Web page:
“I’m so bored. I hate my life.” - Britney Spears

Das Langweilige ist interessant geworden, weil das Interessante angefangen hat langweilig zu werden. – Thomas Mann

"Never for money/always for love" - The Talking Heads

Monday, November 07, 2016

President Hillary Clinton and epistocracy in that order

I was so hoping the Trump sex tape would turn up by now. It is surely out there. Well, no sex tape. No joy! 

Anyway, I am going to start calling her President Clinton, cause it is all over save the vote suppression - which is not going to save the KKK's favorite candidate. But more sadly, I suspect that the Dems are not going to get past 49 in the Senate.


So, turning aside to Caleb Crain's review of Jason Brennan's book, Against Democracy - it does sound like Jason Brennan is full of bad bad arguments. Crain ropes him in with Bryan Caplen, the libertarian economist from Koch, er George Mason University - Crain stints on the background and just calls him an "economist", although I'd bet cash money that if Bryan Caplen were a Marxist economist, that fact would be mentioned. As a former reviewer myself - hey, I've got at least four hundred reviews under my belt, so I am not talking about one piece on a list serv or something - I count points off. Reviewing is much like wrestling, in that the points are awarded for things that the spectators can't quite see. Anyway, I was surprised that the review of the Brennan book, which really, really sound irritating, said absolutely zip about the concentration of power that goes along with Brennan's technocratic wetdream. Whereas in the 70s, Foucault savaged the kind of disciplinary society propelled, in part, by institutionilzed expertise, in the nudgery 10s, we find it getting a lot of neo-lib love. The first move is to take at face value polls about content, which supposedly display the vast ignorant of the American boobs out there. Of course, no parallel polls are ever taken about the knowledge of such bright beacons as Brennan about the experience of working class folks out there. For instance, what number of black households are in the top one percent? And what number of whites? What is the colloquial name for the stretch between East Baton Rouge and New Orleans? etc., etc.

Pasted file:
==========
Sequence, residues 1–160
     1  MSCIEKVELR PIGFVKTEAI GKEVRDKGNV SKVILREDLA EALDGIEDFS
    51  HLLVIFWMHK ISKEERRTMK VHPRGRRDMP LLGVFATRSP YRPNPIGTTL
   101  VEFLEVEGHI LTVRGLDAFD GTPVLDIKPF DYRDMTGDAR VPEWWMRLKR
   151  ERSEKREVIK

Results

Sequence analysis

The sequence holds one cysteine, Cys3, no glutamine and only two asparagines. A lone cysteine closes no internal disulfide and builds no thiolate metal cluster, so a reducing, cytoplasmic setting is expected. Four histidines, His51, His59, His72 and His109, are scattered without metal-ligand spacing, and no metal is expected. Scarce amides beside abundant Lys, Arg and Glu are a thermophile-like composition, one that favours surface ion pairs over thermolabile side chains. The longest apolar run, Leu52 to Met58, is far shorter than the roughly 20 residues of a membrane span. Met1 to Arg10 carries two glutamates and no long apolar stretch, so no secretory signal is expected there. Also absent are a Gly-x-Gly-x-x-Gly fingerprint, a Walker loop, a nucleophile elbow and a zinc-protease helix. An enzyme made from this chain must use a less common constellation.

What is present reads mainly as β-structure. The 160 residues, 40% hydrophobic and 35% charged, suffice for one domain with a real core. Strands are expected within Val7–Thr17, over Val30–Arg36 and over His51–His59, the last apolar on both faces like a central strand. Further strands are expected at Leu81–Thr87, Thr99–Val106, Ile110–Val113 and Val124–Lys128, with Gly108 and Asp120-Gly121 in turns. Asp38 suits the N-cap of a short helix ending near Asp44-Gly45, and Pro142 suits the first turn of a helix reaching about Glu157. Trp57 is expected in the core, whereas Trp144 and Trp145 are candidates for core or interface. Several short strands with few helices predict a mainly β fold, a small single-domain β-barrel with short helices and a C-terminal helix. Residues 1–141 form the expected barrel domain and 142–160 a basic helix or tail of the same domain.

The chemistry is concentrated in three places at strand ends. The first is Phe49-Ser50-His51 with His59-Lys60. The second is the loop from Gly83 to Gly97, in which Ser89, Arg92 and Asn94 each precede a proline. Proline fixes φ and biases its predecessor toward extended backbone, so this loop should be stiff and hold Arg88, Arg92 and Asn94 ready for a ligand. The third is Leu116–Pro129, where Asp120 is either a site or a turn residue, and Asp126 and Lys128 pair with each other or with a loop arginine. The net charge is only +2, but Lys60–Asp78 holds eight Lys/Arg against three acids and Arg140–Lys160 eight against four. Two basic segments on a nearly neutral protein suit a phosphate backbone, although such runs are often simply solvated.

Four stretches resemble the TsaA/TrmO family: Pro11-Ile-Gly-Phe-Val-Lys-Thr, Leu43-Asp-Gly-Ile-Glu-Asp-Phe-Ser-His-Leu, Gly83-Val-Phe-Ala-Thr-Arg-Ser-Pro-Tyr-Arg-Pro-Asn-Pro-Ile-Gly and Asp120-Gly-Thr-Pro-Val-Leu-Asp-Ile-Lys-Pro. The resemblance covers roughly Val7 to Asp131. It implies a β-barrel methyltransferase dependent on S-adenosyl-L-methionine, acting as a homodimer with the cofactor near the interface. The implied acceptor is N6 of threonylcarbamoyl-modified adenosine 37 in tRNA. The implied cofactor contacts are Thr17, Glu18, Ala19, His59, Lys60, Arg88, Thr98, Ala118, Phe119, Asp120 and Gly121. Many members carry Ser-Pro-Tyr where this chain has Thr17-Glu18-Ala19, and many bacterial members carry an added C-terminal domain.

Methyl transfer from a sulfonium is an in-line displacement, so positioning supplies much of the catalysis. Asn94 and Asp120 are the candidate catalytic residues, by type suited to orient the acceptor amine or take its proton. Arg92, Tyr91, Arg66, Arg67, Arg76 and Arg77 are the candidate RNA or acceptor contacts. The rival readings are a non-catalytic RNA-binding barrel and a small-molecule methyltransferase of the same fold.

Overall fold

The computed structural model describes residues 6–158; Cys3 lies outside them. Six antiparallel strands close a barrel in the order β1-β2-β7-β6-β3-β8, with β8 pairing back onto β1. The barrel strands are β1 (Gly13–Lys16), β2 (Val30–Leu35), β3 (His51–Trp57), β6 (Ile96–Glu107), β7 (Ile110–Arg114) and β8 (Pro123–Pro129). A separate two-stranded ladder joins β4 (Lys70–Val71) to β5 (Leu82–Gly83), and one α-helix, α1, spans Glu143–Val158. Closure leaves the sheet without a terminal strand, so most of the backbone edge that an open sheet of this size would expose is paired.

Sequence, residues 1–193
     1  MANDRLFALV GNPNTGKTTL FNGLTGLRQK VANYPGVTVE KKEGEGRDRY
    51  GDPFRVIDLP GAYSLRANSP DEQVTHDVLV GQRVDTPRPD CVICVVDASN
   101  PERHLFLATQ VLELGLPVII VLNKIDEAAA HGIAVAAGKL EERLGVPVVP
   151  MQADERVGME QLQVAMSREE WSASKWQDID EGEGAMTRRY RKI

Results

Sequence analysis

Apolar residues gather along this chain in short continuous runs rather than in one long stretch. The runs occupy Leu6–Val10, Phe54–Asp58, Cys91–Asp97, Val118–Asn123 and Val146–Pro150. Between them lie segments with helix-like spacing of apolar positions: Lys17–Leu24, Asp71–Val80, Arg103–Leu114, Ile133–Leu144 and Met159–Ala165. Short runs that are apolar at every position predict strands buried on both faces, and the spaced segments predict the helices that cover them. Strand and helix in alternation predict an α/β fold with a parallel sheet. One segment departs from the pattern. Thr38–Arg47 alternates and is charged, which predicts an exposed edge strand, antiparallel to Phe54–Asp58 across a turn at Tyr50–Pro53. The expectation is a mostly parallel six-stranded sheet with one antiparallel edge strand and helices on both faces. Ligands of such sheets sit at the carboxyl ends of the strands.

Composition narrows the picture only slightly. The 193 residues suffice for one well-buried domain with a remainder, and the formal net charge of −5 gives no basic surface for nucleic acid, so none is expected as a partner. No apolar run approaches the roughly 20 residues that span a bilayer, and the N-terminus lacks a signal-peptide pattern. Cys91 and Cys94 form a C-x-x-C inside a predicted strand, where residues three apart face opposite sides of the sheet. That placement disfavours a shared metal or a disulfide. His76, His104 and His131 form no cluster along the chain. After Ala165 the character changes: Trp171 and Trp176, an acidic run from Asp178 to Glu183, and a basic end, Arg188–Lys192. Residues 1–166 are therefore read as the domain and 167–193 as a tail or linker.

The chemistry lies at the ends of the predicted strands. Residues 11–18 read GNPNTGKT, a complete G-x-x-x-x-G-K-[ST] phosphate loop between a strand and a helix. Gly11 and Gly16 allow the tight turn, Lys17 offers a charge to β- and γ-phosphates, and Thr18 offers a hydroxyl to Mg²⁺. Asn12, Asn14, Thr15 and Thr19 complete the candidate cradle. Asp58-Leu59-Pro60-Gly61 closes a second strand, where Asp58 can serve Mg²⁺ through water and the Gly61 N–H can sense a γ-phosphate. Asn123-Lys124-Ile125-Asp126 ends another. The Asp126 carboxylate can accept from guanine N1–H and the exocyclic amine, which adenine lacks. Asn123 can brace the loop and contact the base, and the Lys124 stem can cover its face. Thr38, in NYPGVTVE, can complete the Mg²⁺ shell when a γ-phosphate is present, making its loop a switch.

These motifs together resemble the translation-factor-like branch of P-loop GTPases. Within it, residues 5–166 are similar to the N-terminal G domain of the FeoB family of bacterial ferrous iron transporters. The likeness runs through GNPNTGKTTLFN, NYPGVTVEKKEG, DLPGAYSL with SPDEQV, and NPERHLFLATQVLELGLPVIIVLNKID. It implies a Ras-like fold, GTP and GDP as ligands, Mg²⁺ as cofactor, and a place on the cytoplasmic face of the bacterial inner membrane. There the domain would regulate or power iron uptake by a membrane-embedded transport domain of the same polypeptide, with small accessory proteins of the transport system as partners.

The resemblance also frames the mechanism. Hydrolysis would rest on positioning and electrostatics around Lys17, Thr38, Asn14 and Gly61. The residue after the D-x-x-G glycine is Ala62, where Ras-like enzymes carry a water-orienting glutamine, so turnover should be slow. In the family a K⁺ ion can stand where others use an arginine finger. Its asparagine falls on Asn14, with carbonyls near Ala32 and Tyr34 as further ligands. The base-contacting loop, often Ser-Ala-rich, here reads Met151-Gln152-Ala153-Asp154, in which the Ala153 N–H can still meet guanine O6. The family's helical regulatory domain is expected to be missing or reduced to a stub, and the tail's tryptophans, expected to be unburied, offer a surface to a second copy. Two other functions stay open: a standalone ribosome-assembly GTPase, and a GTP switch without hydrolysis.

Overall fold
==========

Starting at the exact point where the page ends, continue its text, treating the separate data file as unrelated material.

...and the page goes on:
Stories about technocratic power in the US tend to be pretty dystopian. Crain doesn't seem to have any of them at his fingertips, meaning that he has a nice ignorance of American history, one usually repandu among the centrist-liberal reviewer crowd. It isn't as if democracy has not been kicked in the teeth in the American experience about a million times. Crain does even refer to the eugenics programs that the US used to be no. 1 in, until Nazi Germany, admiring our policies, took away the crown. For, after all, if people who are ignorant about who the VP is (and who know silly things like the fact that the concentration of carcinogens in the area around East Baton Rouge all along the east bank of the Mississippi has earned it the name Cancer Alley) shouldn't vote, but should trust experts - well, why should they be allowed to have children. Crain doesn't advance even gingerly into the topic, although the topic cries out for it. Points off, points off!
There's a weird American tendency to reduce history to one's personal experience.If I wasn't born in 1910, then I am supposed to know nothing of 1920 or 30. I suppose this tendency moves in tandem with the idea that novels are all about the author who wrote them. However, this is definitely a standard that the reviewer should shun. 'You had to be there' is the deathknell of the historical consciousness. I do wish Crain had seized the elevation of nudgery to "epistocracy" and given it a rougher, much rougher, shake, with examples from the entire history of so called democratic societies.
Oh well.

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